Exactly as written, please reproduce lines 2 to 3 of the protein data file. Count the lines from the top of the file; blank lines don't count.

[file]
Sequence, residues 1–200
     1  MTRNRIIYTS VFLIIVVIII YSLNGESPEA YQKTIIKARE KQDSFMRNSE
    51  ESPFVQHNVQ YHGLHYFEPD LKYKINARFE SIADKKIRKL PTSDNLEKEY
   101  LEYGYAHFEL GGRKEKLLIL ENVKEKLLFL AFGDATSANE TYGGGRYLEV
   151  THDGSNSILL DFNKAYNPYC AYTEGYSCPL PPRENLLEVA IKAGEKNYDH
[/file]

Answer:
     1  MTRNRIIYTS VFLIIVVIII YSLNGESPEA YQKTIIKARE KQDSFMRNSE
    51  ESPFVQHNVQ YHGLHYFEPD LKYKINARFE SIADKKIRKL PTSDNLEKEY